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The Abomination (1986)
Cheap, repulsive trash...(with some unintentional humor)
Although this is a terrible movie, generally speaking, it's not a complete failure. Maybe the director could have done a better job with a higher budget, who knows, but the quite straightforward story line and the gore scenes make this movie watchable. The editing is horrendous and amateurish, as well as the acting, though the actress playing the mother, and also the reverend, are slightly better than the rest of the cast. Some parts of this movie look more like a comedy (i.e. the infamous toilet scene), though I suppose this was not the director's intention. Also, there were a few shots of nature that were nicely done, giving the movie an extremely weird feel, when juxtaposed with the gore. One of the few movies, along with Cannibal Holocaust and Evil Dead, that gave me nausea. (2.5/10)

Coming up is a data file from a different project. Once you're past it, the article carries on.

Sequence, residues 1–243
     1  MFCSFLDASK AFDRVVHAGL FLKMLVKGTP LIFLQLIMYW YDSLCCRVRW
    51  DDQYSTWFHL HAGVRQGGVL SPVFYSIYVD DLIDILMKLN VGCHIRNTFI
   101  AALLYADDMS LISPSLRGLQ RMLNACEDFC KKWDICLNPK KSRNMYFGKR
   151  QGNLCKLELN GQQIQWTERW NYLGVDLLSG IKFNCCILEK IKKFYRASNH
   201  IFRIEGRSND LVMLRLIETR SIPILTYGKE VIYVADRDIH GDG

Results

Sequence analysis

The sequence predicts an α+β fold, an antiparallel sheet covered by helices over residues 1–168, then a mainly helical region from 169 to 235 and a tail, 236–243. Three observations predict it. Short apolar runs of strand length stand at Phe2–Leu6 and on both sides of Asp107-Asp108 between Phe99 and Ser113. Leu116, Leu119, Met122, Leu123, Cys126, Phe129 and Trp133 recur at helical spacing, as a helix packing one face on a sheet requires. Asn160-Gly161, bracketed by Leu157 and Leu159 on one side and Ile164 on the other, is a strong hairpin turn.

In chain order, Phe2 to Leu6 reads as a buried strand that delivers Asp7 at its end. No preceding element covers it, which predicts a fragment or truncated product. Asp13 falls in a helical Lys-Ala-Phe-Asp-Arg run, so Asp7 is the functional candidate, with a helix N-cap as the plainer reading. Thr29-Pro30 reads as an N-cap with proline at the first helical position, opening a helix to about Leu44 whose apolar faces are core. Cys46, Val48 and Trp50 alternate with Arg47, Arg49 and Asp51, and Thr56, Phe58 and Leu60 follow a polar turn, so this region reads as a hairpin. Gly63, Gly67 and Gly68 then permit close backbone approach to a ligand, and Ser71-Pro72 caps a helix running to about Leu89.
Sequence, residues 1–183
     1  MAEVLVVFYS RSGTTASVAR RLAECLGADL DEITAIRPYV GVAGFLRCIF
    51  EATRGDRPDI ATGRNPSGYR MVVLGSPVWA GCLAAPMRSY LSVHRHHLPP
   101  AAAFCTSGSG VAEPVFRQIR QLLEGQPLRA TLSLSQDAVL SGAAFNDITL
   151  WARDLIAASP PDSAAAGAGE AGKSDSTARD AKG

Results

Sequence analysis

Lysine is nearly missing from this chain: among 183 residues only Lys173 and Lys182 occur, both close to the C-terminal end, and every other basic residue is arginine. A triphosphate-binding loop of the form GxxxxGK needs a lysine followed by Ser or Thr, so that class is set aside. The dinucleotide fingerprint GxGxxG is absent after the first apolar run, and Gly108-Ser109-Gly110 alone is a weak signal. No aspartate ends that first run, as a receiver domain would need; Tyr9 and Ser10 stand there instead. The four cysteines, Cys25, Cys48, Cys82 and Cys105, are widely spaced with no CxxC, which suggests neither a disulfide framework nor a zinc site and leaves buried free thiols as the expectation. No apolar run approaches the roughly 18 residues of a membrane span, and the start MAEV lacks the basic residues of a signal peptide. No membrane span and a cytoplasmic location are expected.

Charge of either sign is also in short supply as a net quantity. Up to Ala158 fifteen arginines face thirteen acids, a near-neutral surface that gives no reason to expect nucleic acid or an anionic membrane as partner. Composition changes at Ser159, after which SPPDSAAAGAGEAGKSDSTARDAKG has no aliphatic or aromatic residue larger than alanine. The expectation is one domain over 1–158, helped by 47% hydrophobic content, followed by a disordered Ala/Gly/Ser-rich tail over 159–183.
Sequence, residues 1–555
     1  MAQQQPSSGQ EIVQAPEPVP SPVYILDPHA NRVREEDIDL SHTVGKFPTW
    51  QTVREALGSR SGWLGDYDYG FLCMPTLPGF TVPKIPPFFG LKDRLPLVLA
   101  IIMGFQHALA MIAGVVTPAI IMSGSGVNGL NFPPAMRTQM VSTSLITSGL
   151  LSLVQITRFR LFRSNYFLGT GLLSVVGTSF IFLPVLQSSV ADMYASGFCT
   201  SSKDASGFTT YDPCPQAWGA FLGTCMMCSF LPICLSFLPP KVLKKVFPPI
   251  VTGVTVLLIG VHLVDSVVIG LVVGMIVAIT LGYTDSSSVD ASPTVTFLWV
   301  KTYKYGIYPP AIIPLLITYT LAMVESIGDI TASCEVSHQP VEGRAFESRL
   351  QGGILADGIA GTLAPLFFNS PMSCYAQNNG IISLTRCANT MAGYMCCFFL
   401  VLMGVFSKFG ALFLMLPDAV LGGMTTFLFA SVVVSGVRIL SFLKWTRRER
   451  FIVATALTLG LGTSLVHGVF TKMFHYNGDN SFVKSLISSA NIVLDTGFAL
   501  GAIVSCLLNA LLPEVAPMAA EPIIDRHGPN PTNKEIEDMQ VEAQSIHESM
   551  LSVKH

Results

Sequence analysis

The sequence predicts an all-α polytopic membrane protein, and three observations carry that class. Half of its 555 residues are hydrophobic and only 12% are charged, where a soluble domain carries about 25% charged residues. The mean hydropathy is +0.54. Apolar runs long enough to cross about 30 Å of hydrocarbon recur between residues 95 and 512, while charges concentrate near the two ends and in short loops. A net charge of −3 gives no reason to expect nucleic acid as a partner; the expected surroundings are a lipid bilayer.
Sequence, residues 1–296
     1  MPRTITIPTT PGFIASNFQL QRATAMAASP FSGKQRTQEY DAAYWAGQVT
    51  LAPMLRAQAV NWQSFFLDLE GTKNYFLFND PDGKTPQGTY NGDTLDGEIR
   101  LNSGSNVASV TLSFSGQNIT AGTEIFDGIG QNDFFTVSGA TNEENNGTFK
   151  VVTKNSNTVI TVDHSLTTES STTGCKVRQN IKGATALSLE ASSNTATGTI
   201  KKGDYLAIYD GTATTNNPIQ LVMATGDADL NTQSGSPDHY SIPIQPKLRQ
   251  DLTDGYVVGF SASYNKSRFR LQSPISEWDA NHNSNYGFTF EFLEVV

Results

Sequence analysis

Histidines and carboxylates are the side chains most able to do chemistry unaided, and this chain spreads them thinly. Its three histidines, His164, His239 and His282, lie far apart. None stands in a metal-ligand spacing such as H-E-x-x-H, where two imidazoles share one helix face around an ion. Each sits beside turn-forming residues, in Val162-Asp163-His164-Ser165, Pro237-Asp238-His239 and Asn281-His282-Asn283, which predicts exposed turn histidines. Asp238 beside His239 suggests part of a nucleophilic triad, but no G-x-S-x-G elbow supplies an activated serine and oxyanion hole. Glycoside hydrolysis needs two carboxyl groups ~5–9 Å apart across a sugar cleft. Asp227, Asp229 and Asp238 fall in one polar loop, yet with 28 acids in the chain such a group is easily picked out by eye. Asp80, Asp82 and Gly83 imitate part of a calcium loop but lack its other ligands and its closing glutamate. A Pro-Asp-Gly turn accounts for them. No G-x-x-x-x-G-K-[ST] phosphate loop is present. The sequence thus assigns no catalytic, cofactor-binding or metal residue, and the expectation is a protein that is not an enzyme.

The Woman on the Beach (1947)
Intense and engaging....(but too short!) -SPOILER
This was Jean Renoir's last film in Hollywood, and it's easy to understand why; the studio executives wouldn't allow him to have the final cut of the movie. It lasts for only 70 minutes, and I wish it could have been 20 or 30 minutes longer. It's a fine film, nonetheless, although the ending seems a bit abrupt and incoherent (maybe some scenes were cut here).
The camera work is excellent (especially in the beach scenes) and the performances are okay, although Robert Ryan seems a bit "wooden" for this role. Joan Bennett is as mysterious and pretty as ever, but it's Charles Bickford who steals the show as the bitter blind man (a painter married to Bennett's character).
The whole film has a dreamy, surreal atmosphere, and that's what I liked best of it, in spite of having quite a thin plot-line.